Wendy Chaite, J.D., the NIH Director's Council of Public Representatives' liaison to the ACD reported on the Council's recent meeting.
The 91st meeting of the Advisory Committee to the Director (ACD) of the National Institutes of Health (NIH) was held December 1-2, 2005, on the NIH campus in Bethesda, Maryland, and Webcast globally. The next meeting is tentatively scheduled for June 2, 2006.
NIH Director Elias A. Zerhouni, M.D., welcomed the ACD members and other participants and guests. He remarked on the White House event to recognize World AIDS Day that prevented him from joining the group at the beginning of the meeting. A notable aspect of the United States' effort to combat AIDS is the difficulty of delivering therapy to developing countries. The pandemic continues to be a global challenge. The NIH has played a strong role in fighting AIDS, especially through the Office of AIDS Research and the National Institute of Allergy and Infectious Diseases.
Dr. Zerhouni reviewed the day's agenda. This included a report on the Clinical and Translational Science Award program, which is part of a large effort to create an intellectual home that will support clinical research on translational science. Also on the agenda was an update on the NIH Neuroscience Blueprint initiative efforts to identify cross-cutting, multi-institutional areas of research that need support.
Dr. Zerhouni characterized the fostering of young scientific investigators as paramount among NIH priorities. The age at which investigators receive their first RO1 grants has risen steadily in recent years. Furthermore, a flat NIH budget in the years to come will disproportionately affect young researchers. It will become increasingly difficult for new investigators to achieve independence. Story C. Landis, Ph.D., and Norka Ruiz Bravo, Ph.D., reported on the work of the NIH New Investigators Committee, which formed about one year ago to identify ways in which the NIH could help young investigators flourish. David Botstein, Ph.D., described a novel program at Princeton University to encourage students to pursue the biological sciences.
Dr. Zerhouni stated that it was important for the ACD members to meet new NIH Institute and Center directors. For this reason, Elizabeth G. Nabel, M.D., Director of the National Heart, Lung, and Blood Institute, and Antonio Scarpa, M.D., Ph.D., Director of the Center for Scientific Review, made presentations at the meeting.
Raynard S. Kington, M.D., Ph.D., NIH Deputy Director, presented progress in developing and preparing to launch the new NIH Office of Portfolio Analysis and Strategic Initiatives (OPASI). The OPASI will continuously analyze the NIH research portfolio and seek to fund new science (such as in emerging fields) that otherwise might not be funded. It will create a dialogue about cross-cutting areas of science and will help the NIH provide leadership in the scientific community.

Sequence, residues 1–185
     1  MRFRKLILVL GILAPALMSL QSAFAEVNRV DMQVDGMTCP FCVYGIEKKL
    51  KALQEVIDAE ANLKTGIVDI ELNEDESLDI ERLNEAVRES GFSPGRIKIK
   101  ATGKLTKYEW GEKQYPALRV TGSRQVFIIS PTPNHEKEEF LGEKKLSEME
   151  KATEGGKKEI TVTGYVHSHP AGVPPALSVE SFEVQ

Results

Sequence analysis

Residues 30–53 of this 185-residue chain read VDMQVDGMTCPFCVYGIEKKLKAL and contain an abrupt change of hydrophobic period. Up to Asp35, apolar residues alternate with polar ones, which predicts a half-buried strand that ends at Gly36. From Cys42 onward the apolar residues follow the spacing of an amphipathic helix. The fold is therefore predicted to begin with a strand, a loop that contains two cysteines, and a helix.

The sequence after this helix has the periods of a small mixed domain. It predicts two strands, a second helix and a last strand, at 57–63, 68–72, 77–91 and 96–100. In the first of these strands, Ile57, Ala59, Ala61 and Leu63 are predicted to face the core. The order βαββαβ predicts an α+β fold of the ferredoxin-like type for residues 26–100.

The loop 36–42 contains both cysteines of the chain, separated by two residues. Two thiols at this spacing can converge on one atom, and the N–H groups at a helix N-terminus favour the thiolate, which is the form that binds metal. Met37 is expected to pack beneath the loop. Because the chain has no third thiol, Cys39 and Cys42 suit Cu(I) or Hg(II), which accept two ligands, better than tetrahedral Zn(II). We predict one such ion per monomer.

Timothy C. Hays, Ph.D., of the NIH Office of Extramural Research, reported on the new public access policy, which involves an electronic compendium of NIH-funded research that is searchable and linked to sources and other databases. The policy will provide the public with a window into NIH-supported research.
Marc Smolonsky, the NIH's Associate Director for Legislative Policy and Analysis, reviewed recent Congressional activities pertaining to the NIH. Dr. Zerhouni reported that the Senate and House of Representatives held a conference in which President Bush's budget for the NIH was adopted. The bill then failed in the House, leading to a continuing resolution to fund the NIH at the 2005 level (until December 17). In light of the chance that the budget will remain flat, the NIH has attempted to be a good steward of available funds. It will fund all programs at 80 percent during the first quarter of 2006 and adjust funding when Congress establishes 2006 levels.
Dr. Zerhouni expressed a debt of gratitude to Dushanka V. Kleinman, D.D.S., for her work in guiding the NIH Roadmap for Medical Research (she has returned to her position as Deputy Director at the National Institute of Dental and Craniofacial Research). Lisa J. Colpe, Ph.D., M.P.H., has taken the position of Acting Assistant Director for Roadmap Coordination.
Dr. Zerhouni thanked Jeremy M. Berg, Ph.D., Director of the National Institute of General Medical Sciences, (NIGMS), and Judith H. Greenberg, Ph.D., Director, Division of Genetics and Developmental Biology at NIGMS for managing the second year of the NIH Director Pioneer Award. Seven institutes volunteered to fund 13 Pioneer Awards in the second year. In time, the Pioneer Award program will allow the NIH to identify, based on the cohort of applicants, research ideas that have had difficulty finding support.
The NIH is pursuing a multi-pronged research strategy to prepare for the potential bird flu pandemic, including support of basic science, modeling programs, and the development of surveillance systems. The efforts are national and international. A candidate vaccine is currently being tested. The NIH, the U.S. Department of Health and Human Services (HHS), and the White House are working together to create a coordinated plan to respond to the threat administratively. Pierre Noel, M.D., of the Warren Grant Magnuson Clinical Center, is serving as coordinator of the efforts at NIH for preparedness in the event of an outbreak.
During the past summer, the NIH announced revised conflict-of-interest rules for NIH employees. The period of comment and revision resulted in final rules that reflect a greater need for standards on divestiture and disclosure among NIH employees who play decision-making roles. The rules balance this need with the need to allow researchers to remain on the cutting edge of science, including participation in outside activities such as teaching opportunities. The NIH continues to encourage interaction with the private industry, including public-private partnerships. Dr. Zerhouni thanked Dr. Kington for leading the efforts on the ethics issue.